"It's not like it's obviously such a great subject. It's just a subject I needed to understand, for some unknown reason." Perhaps all you need to understand is that it is a great subject? Take a look at crops. 3:2, better, 16:9, better yet, 8:3 - yowsa!
Toggle Commented Apr 25, 2017 on Pictures of Farmland at The Online Photographer
"Seriously, if I were to get the itch to do an OC/OL/OY project with an x, y or z, I'd probably have just as much fun with any of the three. I'd simply figure out what I could and couldn't do, what the strengths and weaknesses of each camera are, and then just do with each camera the kinds of things each is best at." I suppose I'll never understand the idea of OC/OL/OY, or of doing only what a particular camera and/or prime lens is good at. I approach photography the other way 'round. I have at least an idea, often something more specific, about what sort of images I want to be able to create, and look for equipment with which I can accomplish that. Some of those image creation desires have remained unsatisfied for over 50 years, but fewer and fewer as digital matured. Fewer yet more with recent developments including in camera focus stacking/bracketing. Even the serendipitous image that arises out of nowhere, is more likely to be captured properly with a broad ranging kit than OC/OL. As I have a broad range of interests, and wish to create various kinds of images, I have various cameras, lenses and software. As I travel, sometimes perhaps to places I won't see again, I find that the most photogenic places also have wide ranges of potential images to be captured. I can't imagine why I would want to have my photography shackled by one camera and one prime lens. I suppose I may be an imagistic hedonist who can't see the value in ascetic practice. . . . "The point is the pics, in the end!" Exactly! So why not use the gear most effective in capturing the pic? You have written before that a photographer needs to find a style at which he/she is particularly adept and focus on that. Assuming that's not some sort of moral imperative, I assume it's about making money as a photographer. But I don't want or need to make $ at it. I want to have fun and make images that please myself, and with any luck, others who see them. So far, I am managing both. I would not with even OC/OPL/Oday. Chacun à son goût View From the Other Side Moose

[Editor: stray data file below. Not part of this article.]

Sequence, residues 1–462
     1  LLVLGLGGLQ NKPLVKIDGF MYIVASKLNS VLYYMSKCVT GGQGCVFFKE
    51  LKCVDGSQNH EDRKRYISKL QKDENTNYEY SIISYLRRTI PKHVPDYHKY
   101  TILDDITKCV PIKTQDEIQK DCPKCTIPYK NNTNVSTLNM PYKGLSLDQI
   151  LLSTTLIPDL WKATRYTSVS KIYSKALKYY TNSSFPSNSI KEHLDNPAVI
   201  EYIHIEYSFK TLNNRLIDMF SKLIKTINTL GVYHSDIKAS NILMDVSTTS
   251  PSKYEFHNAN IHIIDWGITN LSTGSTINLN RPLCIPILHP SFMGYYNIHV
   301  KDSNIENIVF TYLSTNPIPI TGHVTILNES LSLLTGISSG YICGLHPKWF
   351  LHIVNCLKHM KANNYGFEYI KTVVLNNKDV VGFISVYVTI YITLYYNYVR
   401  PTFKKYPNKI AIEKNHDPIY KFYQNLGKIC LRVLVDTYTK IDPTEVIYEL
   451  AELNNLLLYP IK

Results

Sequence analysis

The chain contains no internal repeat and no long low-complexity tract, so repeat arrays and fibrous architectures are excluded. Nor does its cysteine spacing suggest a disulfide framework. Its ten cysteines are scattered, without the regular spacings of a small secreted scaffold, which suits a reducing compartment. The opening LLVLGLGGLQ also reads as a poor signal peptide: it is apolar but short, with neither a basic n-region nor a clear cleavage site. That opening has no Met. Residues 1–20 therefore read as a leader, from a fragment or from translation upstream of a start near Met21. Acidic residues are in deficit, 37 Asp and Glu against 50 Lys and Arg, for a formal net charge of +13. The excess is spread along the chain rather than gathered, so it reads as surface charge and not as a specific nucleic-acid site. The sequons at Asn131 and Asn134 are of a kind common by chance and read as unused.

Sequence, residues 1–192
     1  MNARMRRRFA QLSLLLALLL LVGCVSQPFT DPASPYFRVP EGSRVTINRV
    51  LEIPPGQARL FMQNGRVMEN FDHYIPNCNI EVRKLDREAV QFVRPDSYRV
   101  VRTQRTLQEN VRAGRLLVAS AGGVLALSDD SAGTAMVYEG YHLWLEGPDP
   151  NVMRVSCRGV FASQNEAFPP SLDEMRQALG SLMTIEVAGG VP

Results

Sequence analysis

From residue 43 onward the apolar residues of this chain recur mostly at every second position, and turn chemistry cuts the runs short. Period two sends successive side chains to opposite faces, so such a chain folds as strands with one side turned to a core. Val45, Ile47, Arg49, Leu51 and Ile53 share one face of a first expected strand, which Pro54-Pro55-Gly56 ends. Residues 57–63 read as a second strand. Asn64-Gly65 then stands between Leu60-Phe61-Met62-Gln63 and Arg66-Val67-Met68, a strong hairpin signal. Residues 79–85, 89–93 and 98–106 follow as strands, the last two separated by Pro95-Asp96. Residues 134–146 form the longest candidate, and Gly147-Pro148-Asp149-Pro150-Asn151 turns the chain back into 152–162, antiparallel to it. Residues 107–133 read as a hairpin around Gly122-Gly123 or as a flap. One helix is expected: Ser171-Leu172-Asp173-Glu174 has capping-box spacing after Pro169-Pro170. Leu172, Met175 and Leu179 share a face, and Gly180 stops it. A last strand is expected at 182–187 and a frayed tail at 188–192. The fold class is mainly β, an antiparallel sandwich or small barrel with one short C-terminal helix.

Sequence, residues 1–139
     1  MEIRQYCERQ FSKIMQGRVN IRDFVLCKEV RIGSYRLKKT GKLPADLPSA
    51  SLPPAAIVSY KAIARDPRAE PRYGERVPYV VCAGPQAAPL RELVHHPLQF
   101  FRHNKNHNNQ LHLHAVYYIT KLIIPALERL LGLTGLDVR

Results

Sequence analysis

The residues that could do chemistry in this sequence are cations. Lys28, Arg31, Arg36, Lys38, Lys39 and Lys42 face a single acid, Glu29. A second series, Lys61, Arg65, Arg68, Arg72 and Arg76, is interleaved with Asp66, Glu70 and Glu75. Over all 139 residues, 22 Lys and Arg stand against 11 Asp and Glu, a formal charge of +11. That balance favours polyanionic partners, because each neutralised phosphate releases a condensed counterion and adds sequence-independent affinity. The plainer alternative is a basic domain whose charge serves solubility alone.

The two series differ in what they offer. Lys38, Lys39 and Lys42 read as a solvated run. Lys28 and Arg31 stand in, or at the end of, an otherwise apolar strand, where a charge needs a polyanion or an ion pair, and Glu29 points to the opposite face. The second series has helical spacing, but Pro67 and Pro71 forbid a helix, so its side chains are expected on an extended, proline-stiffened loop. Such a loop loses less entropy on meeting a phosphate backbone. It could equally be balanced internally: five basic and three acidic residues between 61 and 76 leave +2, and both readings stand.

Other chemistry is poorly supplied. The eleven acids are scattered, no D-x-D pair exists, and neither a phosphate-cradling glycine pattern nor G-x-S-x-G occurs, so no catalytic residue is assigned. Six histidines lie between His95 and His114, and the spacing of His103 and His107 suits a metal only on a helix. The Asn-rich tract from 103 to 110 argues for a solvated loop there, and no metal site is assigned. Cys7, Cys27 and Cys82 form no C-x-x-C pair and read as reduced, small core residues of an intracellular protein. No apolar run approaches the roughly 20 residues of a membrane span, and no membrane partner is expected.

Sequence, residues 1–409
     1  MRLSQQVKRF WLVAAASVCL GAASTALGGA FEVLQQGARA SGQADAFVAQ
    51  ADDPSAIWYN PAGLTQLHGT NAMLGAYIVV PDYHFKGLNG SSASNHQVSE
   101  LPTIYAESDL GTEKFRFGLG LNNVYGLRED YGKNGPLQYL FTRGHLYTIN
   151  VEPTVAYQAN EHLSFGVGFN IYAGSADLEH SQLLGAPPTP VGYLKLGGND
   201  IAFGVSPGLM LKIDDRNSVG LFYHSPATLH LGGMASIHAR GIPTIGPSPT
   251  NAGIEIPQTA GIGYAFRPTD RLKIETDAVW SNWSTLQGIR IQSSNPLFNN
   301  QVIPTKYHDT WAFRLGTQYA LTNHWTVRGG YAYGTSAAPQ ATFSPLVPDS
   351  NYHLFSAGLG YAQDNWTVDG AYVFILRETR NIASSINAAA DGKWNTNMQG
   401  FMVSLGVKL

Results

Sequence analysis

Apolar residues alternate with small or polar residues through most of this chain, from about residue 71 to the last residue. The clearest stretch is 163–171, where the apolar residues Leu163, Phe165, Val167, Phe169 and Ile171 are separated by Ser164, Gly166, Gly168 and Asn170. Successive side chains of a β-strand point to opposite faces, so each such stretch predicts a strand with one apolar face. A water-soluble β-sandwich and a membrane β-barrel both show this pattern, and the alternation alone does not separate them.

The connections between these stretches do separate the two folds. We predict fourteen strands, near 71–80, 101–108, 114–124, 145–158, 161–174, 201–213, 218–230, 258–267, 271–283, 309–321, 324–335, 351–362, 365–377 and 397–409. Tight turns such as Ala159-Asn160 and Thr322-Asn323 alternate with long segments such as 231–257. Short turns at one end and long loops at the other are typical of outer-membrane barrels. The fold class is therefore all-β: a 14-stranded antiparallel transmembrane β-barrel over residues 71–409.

"Some are falling behind in the lens department, while Sigma and others take up the slack." I don't know about other formats, but that's not true of µ4/3. Today, the resolution limits are sensors (except in Oly HR Mode.) With the E-M5 II High Resolution Mode, I can test lenses with ~50 MP sensor resolution, and the lenses I've tried simply resolve a lot more detail in HR Mode than straight 16 MP. Interestingly, Shooting the same subject in normal and HR, then downsampling the HR image to the same 16 MP dimensions resolves more, cleaner/sharper, visible detail than the 'straight' image.* All the lenses I've tested resolve more detail in HR than native sensor resolution. It seem that at least the newer and higher end ones will be fine at 50 MP. * Bayer Array sensors are only about 50% efficient at rendering their raw resolution as converted, RGB pixels. Sampling with each color at each sensel location by moving the sensor around doesn't require demosaicing, and retains more detail.